The Shame Machine – Staff Review – Terry

The Shame Machine by Cathy O’Neil (Request)

Tired of all the online shaming and name calling? The Shame Machine by Cathy O’ Neil peers into the business of as well as the sociological aspects of public shaming, primarily through mass media and social media. The book takes a scientific, unapologetic, and non-partisan stance, and also includes some of the author’s own struggles with being shamed as well as not giving into feeding into the systems of shame.

5 Stars

The Quiet Zone – Staff Review – Terry

The Quiet Zone by Stephen Kurczy (Request)

What does a large radio telescope, Patch Adams, and a defunct Neo-Nazi compound have in common? They all exist within the Green Bank Quiet Zone. In Stephen Kurczy’s book The Quiet Zone, he explores the region around what is known as the National Radio Quiet Zone, which was established to allow the Green Bank Radio Observatory to detect radio waves from space without interference from electronic noise. Kurczy does a very good job at documenting life and history of the area without falling into novelty, simply reporting on the history of both the observatory as well as the life of the locals which, until the popularity of cellular technology, had little to be concerned with for the regulations that were kept around the observatory. Overall, it is an interesting book that looks into the nature of what it is to disconnect from our busy digital lives.

3 Stars

Black Nerd Problems – Staff Pick – Terry

Black nerd problems by William Evans and Omar Holmon (Request)

Want to hear a pair of poets talk about their favorite geeky pastimes in both serious and playful tones?  Black Nerd Problems by William Evans and Omar Holmon is for you!  Black Nerd Problems is a great series of essays on race and racial identity in geek culture.  The different essays run the range of serious social issues to playful rants about characters making for a well rounded body of work.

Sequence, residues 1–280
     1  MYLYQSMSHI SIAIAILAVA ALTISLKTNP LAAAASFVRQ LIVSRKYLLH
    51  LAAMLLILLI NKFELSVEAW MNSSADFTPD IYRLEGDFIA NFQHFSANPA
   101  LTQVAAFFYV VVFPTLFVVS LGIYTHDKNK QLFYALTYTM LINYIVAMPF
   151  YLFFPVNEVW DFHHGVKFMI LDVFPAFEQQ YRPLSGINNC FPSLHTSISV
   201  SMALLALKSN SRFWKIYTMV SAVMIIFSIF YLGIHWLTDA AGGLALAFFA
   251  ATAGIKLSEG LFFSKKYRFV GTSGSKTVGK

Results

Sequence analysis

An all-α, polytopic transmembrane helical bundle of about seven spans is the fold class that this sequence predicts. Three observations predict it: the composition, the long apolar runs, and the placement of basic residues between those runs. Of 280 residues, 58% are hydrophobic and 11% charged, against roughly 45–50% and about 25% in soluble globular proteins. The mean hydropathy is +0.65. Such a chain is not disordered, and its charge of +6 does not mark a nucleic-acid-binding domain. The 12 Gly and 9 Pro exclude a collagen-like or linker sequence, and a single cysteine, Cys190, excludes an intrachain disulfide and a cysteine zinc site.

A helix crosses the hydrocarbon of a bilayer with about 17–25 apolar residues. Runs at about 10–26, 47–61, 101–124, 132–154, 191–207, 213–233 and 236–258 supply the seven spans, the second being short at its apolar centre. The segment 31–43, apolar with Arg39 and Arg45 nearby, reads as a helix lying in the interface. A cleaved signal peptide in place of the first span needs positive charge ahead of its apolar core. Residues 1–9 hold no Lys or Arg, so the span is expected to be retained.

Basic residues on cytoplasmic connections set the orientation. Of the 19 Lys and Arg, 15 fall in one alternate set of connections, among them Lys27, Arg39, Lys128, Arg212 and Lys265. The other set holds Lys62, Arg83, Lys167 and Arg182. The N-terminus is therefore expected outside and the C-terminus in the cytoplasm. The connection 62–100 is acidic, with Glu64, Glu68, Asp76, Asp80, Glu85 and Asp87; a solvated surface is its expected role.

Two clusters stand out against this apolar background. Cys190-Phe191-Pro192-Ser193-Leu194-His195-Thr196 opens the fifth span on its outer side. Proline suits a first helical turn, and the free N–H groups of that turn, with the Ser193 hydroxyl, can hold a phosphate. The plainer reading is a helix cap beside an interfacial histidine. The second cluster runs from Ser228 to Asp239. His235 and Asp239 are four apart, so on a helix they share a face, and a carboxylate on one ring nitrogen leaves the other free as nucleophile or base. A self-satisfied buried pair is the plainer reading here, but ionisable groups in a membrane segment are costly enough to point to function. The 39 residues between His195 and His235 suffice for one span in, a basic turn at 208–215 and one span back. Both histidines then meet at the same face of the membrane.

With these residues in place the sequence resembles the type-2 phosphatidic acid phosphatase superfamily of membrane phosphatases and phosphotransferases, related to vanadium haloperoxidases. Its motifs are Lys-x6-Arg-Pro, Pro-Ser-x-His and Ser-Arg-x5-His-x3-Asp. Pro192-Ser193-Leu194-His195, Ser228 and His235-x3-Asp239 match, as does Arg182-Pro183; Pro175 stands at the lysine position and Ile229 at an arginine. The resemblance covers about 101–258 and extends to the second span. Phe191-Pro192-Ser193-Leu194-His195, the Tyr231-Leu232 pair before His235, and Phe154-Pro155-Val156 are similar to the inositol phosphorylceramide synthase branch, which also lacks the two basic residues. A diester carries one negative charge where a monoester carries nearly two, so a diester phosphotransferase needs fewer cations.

5 Stars

Women of the Dawn – Staff Review – Terry

Women of the Dawn by Bunny McBride (Request)

A historical and ethnographic account of 4 Wabanaki women, based on the research done by both Bunny McBride as well as Molly Dellis, who is one of the women that is also featured in this book. This book pays true homage to the importance of women, especially native women, and their stories at a time when colonial powers saw them and treated them as barely human. A great read on a time and place as well as a people that can sadly be often overlooked.

5 Stars

Immune – Staff Review – Terry

Immune by Philipp Dettmer (Request)(

Immune : a journey into the mysterious system that keeps you alive by Philipp Dettmer is an easy to understand but thorough tour of the human immune systems. The book is broken up into chapters that build on one another allowing for the reader to learn and comprehend the subject matter without being overwhelmed with too many terms or concepts. The language in the book is also fairly contemporary and many comparisons are given to illustrate, as well as actual and easy to view illustrations, making the subject of immunology enjoyable to learn. Overall a great read.

5 stars.

The Shadow – Staff Pick – Terry

The Shadow by James Patterson and Brian Sitts (Request)(CloudLibrary)

The Shadow by Brian Sitts and James Patterson is an interesting use of the 1930s radio serial character “The Shadow” who ends up suddenly in a dystopian future setting.  The book follows both Lamont Cranston (The Shadow), and Maddy Gomes, a teenager who works with Lamont and serves as an interesting set of perspectives on this with Lamont being from the past and Maddy being from the current future.  Anyone familiar with The Shadow drama series will see a few other familiar characters as well as some of Lamont’s skills and abilities, but prior knowledge of the character is not necessary to enjoy the book.  Overall a good read.